Incident comes barely 24 hours after the Indian Air Force station at Jammu airport suffered blasts attributed to the first ever drone strikes anywhere in India
The army claimed to have foiled possible drone attacks on two military camps in Jammu on Sunday night, barely 24 hours after the Indian Air Force station at Jammu airport suffered blasts attributed to the first ever drone strikes anywhere in India.
The army said its quick reaction teams fired at two unmanned aerial vehicles (UAVs) on Sunday night and forced them to retreat. After the previous night’s assault on the IAF station, experts had warned of more drone attacks.
Army sources said one drone was spotted over the Ratnuchak army camp at 11.30pm on Sunday and the other over the Kaluchak army camp around 1am on Monday morning.
Ratnuchak is 4km north of the IAF station where, according to the police, two explosive-laden drones caused low-level blasts early on Sunday morning, injuring two officials, while Kaluchak is 6km south of the IAF station. All three are around 15km from the Pakistan border.
“On midnight of 27-28 June 2021, two separate drone activities were spotted over Ratnuchak-Kaluchak military area by alert troops,” defence spokesperson Devender Anand said in a statement.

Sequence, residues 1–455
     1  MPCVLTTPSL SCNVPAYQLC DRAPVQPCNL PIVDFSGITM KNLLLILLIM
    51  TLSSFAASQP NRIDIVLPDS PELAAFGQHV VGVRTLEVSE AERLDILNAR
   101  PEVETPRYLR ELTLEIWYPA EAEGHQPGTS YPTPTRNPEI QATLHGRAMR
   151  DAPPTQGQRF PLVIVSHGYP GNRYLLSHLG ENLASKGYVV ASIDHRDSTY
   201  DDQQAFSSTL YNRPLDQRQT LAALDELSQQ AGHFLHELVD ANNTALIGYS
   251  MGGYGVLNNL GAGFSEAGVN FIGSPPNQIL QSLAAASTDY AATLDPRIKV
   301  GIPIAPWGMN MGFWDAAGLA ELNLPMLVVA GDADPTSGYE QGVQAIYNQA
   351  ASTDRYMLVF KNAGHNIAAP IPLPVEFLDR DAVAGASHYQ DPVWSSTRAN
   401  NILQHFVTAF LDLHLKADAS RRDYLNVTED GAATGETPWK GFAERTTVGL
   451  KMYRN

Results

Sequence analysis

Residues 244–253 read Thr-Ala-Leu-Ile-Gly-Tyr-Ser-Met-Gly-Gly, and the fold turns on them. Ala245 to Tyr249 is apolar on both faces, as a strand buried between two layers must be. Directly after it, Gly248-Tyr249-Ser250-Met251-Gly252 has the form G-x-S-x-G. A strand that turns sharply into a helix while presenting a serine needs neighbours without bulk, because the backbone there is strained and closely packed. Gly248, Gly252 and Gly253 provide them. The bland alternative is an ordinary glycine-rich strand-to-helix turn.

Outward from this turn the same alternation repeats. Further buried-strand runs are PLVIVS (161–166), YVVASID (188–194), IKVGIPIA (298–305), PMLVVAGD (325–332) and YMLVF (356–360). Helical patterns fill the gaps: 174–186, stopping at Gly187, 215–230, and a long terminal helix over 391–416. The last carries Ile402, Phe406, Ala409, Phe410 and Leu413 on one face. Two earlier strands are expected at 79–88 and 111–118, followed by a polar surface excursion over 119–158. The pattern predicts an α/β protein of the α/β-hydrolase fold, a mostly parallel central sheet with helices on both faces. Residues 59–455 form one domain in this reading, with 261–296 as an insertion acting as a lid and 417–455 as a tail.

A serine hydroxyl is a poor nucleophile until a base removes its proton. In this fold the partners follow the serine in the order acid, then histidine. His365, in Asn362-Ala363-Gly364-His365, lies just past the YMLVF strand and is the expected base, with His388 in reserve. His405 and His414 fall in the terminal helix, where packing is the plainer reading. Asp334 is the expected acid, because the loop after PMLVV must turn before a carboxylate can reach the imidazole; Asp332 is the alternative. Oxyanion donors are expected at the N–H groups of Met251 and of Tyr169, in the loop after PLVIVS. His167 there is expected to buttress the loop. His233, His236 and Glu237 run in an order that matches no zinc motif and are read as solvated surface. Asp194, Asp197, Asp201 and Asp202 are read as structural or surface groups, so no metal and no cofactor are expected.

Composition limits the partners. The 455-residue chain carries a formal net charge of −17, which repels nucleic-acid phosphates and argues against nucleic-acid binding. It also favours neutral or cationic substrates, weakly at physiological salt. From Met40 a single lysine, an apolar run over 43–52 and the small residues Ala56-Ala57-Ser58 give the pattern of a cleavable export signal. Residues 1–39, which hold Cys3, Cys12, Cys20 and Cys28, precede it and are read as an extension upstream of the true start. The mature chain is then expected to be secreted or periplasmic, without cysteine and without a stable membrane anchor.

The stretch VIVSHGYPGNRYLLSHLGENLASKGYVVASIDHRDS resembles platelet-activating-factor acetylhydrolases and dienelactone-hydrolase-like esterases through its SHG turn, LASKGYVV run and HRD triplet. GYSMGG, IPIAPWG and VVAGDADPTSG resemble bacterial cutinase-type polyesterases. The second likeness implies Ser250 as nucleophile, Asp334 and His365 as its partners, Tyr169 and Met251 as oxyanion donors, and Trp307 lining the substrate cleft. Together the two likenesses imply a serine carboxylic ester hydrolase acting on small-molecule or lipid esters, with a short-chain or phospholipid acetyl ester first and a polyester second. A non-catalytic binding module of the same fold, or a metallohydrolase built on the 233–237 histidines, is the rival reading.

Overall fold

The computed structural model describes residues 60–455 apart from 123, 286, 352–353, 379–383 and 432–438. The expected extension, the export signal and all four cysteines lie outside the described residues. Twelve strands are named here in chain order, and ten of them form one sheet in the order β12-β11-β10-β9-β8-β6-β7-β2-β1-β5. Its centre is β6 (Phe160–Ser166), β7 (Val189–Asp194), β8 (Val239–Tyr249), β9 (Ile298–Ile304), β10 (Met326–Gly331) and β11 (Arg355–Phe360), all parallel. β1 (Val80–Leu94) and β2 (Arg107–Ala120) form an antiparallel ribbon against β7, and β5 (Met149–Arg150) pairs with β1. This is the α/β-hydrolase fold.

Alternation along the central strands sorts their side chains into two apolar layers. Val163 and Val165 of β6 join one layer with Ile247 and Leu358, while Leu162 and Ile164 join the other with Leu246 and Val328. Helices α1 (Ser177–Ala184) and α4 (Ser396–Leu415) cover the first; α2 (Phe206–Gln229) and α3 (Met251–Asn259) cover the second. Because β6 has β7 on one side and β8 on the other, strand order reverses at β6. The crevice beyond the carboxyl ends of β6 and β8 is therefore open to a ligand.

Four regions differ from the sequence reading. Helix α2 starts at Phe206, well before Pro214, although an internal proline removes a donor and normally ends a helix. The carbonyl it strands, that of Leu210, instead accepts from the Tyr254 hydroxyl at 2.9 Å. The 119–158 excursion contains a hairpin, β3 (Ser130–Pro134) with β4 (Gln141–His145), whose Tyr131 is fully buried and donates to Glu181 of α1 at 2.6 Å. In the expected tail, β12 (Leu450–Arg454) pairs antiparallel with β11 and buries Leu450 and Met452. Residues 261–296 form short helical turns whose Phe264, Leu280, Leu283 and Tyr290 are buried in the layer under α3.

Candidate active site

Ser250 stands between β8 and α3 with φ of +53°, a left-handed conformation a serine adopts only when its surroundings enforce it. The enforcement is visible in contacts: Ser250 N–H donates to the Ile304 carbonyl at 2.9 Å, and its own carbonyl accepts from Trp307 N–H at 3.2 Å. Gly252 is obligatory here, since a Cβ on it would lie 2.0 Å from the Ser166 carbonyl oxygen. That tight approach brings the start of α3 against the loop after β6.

“Immediately, high alert was sounded and quick reaction teams engaged them with firing. Both the drones flew away. The security forces are on high alert and the search operation is in progress.”
The army statement did not say where the drones had come from or where they flew away. The security forces carried out multiple searches to try and figure out whether the UAVs had been sent from somewhere on the Indian side rather than from Pakistan.
An official said it was not clear whether the drones had been sent to launch an attack or to drop weapons — a purpose for which UAVs have been used in the past in Jammu and Kashmir and neighbouring Punjab.
Security experts had on Sunday said the purported drone attack on the IAF station had added “a new dimension” to the militant threat to India and suggested an overhaul of the security grid to protect vital installations from the air.
Kaluchak, in particular, has been heavily guarded since a suicide attack on the camp in 2002 killed 30 people — three soldiers, 16 army family members and 11 other civilians. Forty-eight others, mostly soldiers and their families, were injured.
The attack on the IAF station the previous night had injured officials Arvind Singh and S.K. Singh and ripped out the roof of a building in the technical area.
Jammu and Kashmir police chief Dilbagh Singh had suggested that a “drone with payload” was used and pointed a finger at militants. But the IAF is yet to confirm a drone attack or a militant link.
Drones can be used as bombs themselves or can drop bombs or fire missiles from the air, depending on their level of sophistication.